- Cavemen being arrested in Brussels?

Finally, an amendment to the Planning Bill on Monday was defeated by 15 votes (24 Labour MPs voted for it). It would have required climate change to be taken into account in planning decisions for major projects such as roads, airports and power stations.

Friends of the Earth's Planning Campaigner Hugh Ellis, said:

"With no reference to climate change in the Planning Bill, people have no guarantees that Ministers will take climate change into account when considering major projects such as roads, airports and power stations which will lock us into the path towards climate change and environmental destruction. Government has recently made some bold statements about taking action on climate change. But yet again it has missed a vital chance to make those words a reality and create a cleaner, greener future for us all."

US Plans Permanent Occupation Of Iraq

The Independent:

A secret deal being negotiated in Baghdad would perpetuate the American military occupation of Iraq indefinitely, regardless of the outcome of the US presidential election in November. Iraqi officials fear that the accord will destabilise Iraq's position in the Middle East and lay the basis for unending conflict in their country.

Under the terms of the new treaty, the Americans would retain the long-term use of more than 50 bases in Iraq. American negotiators are also demanding immunity from Iraqi law for US troops and contractors, and a free hand to carry out arrests and conduct military activities in Iraq without consulting the Baghdad government. Washington also wants control of Iraqi airspace below 29,000ft and the right to pursue its "war on terror" in Iraq, giving it the authority to arrest anybody it wants and to launch military campaigns without consultation.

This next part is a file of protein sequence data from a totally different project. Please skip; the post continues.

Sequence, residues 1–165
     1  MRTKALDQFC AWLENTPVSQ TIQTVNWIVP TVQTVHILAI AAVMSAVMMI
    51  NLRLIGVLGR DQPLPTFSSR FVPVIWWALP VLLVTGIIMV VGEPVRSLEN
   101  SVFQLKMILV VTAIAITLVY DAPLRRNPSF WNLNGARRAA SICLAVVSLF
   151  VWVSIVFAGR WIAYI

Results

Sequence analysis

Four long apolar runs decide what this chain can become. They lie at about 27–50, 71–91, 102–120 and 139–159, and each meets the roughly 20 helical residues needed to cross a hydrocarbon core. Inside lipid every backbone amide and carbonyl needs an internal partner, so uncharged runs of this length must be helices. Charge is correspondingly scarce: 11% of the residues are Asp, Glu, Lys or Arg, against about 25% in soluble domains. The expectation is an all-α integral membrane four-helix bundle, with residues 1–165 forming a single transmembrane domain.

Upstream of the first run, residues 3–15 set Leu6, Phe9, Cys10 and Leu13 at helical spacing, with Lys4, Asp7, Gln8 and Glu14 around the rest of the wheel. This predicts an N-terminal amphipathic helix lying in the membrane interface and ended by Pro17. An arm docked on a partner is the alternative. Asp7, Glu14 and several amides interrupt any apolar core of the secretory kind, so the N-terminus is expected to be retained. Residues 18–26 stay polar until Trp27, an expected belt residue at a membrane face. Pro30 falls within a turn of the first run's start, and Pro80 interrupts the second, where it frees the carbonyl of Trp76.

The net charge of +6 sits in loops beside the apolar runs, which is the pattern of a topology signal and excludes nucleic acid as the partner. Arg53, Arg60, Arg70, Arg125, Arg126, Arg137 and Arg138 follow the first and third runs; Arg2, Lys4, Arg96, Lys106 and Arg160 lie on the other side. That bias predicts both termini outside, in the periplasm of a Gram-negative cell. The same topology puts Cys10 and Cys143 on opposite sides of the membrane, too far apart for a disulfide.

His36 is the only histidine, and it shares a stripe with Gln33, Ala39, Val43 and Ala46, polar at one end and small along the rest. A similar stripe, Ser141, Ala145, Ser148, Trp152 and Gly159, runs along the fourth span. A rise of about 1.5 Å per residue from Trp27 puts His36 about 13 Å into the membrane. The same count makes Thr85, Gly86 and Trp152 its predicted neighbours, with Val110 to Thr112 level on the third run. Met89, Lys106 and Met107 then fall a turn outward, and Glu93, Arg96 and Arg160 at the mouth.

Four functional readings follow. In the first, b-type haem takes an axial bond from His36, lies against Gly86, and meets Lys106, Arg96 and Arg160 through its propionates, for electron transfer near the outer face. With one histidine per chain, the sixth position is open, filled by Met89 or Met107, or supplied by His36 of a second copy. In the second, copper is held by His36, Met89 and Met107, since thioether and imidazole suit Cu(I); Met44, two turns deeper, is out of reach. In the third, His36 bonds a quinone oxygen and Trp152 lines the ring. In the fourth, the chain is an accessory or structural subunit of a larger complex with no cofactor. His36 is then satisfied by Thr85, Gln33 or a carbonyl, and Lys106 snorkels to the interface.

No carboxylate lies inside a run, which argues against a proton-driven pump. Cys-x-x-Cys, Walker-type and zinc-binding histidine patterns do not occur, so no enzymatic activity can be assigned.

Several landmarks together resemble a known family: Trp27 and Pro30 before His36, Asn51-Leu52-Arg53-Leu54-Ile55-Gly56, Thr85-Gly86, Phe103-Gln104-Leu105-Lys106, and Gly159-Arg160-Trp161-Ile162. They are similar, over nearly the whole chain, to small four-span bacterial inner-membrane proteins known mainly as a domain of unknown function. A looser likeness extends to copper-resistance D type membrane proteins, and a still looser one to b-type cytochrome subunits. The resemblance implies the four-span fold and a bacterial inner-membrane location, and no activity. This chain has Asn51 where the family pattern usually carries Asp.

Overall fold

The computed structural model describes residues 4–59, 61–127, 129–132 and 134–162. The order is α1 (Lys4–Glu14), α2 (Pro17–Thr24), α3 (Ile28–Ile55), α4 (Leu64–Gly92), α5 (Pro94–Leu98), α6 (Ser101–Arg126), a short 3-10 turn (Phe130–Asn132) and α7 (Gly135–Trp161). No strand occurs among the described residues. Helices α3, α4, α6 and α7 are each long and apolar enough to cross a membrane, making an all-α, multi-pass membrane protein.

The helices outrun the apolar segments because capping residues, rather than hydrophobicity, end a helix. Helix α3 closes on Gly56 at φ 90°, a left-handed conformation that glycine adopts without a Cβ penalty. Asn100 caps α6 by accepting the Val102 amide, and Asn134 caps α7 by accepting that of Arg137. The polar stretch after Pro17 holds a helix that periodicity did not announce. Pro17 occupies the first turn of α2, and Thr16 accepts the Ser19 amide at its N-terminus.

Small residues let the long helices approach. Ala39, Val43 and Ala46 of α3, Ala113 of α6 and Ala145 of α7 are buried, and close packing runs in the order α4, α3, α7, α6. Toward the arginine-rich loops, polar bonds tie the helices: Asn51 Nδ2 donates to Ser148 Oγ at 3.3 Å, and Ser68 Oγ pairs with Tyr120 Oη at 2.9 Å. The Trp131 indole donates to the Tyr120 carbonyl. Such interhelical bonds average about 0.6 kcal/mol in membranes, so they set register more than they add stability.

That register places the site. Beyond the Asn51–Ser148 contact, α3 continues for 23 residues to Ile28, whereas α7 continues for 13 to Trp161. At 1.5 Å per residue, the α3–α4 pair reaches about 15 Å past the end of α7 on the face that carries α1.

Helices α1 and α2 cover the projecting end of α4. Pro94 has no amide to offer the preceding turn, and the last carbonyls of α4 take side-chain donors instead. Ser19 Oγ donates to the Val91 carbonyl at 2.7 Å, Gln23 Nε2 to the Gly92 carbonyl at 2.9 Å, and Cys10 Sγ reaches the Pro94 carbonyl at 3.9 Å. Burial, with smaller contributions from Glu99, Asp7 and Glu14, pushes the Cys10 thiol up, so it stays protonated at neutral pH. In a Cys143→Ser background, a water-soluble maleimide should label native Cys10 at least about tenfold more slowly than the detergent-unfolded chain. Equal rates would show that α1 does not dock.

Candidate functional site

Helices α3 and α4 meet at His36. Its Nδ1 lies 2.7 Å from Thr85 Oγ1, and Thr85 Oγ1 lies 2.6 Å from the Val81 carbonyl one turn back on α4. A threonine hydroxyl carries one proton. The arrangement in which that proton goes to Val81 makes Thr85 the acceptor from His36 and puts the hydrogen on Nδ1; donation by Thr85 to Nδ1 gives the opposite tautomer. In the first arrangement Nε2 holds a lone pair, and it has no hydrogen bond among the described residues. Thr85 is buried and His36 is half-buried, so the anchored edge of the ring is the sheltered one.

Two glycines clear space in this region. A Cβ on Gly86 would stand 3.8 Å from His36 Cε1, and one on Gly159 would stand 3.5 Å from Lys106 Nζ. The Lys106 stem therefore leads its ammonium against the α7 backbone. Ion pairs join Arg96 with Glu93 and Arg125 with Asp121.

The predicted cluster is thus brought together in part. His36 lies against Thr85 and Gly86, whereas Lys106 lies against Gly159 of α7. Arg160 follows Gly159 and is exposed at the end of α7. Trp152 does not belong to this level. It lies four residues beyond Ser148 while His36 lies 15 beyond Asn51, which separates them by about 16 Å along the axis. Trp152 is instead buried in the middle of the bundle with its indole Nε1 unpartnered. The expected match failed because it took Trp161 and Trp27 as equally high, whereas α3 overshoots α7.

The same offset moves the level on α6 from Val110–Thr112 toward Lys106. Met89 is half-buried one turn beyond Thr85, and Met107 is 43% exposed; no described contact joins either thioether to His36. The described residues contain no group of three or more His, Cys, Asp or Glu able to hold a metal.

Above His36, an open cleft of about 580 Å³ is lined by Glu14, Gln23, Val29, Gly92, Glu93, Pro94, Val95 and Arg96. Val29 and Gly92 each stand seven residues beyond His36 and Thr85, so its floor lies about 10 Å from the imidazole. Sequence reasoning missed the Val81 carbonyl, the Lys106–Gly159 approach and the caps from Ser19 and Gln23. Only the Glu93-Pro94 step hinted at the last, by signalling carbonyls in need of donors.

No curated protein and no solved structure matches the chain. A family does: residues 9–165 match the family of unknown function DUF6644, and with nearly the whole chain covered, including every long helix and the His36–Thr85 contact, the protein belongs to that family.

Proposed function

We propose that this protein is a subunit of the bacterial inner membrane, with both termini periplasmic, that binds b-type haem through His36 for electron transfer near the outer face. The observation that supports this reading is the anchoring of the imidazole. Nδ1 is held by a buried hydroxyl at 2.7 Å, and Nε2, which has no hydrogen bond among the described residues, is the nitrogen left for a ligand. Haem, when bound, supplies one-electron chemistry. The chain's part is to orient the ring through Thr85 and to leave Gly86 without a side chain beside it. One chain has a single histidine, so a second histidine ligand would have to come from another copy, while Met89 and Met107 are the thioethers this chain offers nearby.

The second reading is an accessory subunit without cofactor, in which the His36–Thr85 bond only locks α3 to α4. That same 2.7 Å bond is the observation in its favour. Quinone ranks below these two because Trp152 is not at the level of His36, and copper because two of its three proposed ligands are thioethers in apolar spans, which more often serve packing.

03 June 2008

More Ethnic Minority Women Councillors

Maya de Souza, a Green Party councillor in London (Camden), has been appointed to a national cross-party taskforce which aims to increase the number of minority ethnic women local councillors across the country.

Women councillors currently make up just 29.3% of councillors, with ethnic minority women particularly under-represented (5.4% of the total population but only 0.9% of local councillors).

Cllr de Souza: "Local councils make many decisions that have a huge impact on all of us - from housing policy, the environment and education and also nurseries, after-school clubs and youth services. Women can't afford to leave all these decisions to men. It is vital to local, regional and national politics, if all interests are to be properly taken into account and good decisions made, that women play a full part."

02 June 2008

Summer's Here - BBQ A-Go-Go

You can find veggie burger suggestions here.